Ayana Mathis

The Twelve Tribes of Hattie has proven a whirlwind success, as an evocative story richly depicting 1920s Georgia and one working-class mother's remarkable journey in raising nine children after the death of firstborn twins. A selection for both Barnes and Noble's Discover Great New Writers program and Oprah's Book Club 2.0, the book has found an admiring audience for its unique approach to a universal story. This week, Hattie's author Ayana Mathis selects five books that share her work's evocative sense of loss and wonder in a collection Mathis dubs "The Great Beyond: Books about souls (and bodies) in otherworldly terrain."

 



City of God
By E. L. Doctorow

"Set in New York City at the end of the twentieth century, this novel begins with a single mystery -- how did a cross stolen from an Episcopal church end up on the roof of a synagogue -- and expands into all mysteries: what are we doing here, why does evil exist, what is the modern conception of God."

 



Housekeeping
By Marilynne Robinson

"The most achingly beautiful novel you’ll ever read. Read this story of transience and loss to understand the ranging, undomesticated parts of yourself, those insistent bits that tug at you on insomniac nights when you are alone at 4 a.m. and filled with longing and questions."

 


 

Go Tell It on the Mountain
By James Baldwin

"Baldwin’s fourteen-year-old protagonist is at the center of this novel about the role of the Christian church in the lives of a Harlem family in 1936. Wrenching and alive and unflinching, it is the best portrait of a childhood in the church, and the nature of salvation, that I’ve ever read."

 



The Children's Hospital
By Chris Adrian

"What if there were a novel about a second great flood and the only surviving humans were floating in a hospital full of sick children? And what if one of the medical students there was suddenly gifted with miraculous and terrifying powers to heal?  Just read it, you won’t be sorry."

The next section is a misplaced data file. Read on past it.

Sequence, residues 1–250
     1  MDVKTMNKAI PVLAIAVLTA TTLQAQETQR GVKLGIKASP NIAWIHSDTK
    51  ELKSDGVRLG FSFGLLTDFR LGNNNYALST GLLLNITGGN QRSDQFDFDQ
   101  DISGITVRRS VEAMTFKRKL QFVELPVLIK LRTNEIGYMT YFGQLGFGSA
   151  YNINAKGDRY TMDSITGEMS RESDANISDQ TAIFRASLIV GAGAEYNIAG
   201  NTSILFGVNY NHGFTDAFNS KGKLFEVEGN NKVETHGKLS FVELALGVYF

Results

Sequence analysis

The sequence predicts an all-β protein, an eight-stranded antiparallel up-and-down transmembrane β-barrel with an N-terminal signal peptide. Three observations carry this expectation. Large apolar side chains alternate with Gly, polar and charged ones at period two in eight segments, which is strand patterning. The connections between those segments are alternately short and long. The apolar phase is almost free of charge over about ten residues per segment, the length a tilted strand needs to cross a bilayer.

Beyond Black
By Hilary Mantel

"Unlike anything I’ve ever read, Mantel takes as her subject a psychic who, by virtue (or bane) of her gifts, is ever in the company of the spirits of the dead. That the novel is utterly believable is a testament to her gifts, and that it is also funny is icing on the cake."

 

April 16: ""Blue pottery vases and bowls for flowers are most attractive, and certain blue books...will repeat and emphasize color."

Donna Tartt's The Goldfinch is the winner of the 2014 Pulitzer Prize for Fiction. James Parker calls this Dickensian coming-of-age novel "an enveloping…

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Books, CDs, DVDs to know about now
The Good Inn

Frank Black, frontman for the Pixies, has written a transgressive historical fiction with shades of Thomas Pynchon (focused as it is on the history of explosives and cinematic pornography), all set in a hallucinatory Edwardian Europe.

Dispute Over a Very Italian Piglet

Amara Lakhous delivers a mystery novel with its finger on the hot-button issues of today's Europe.  Immigration and multicultural conflicts erupt in the Italian city of Turin, as journalist Enzo Laganà looks to restore peace to his native burg.

Papers in the Wind

In this insightful novel by Eduardo Sacheri, a young girl left destitute by the death of her soccer-playing father is uplifted by the bold schemes of her uncle, his pals, and one newbie player to the professional leagues.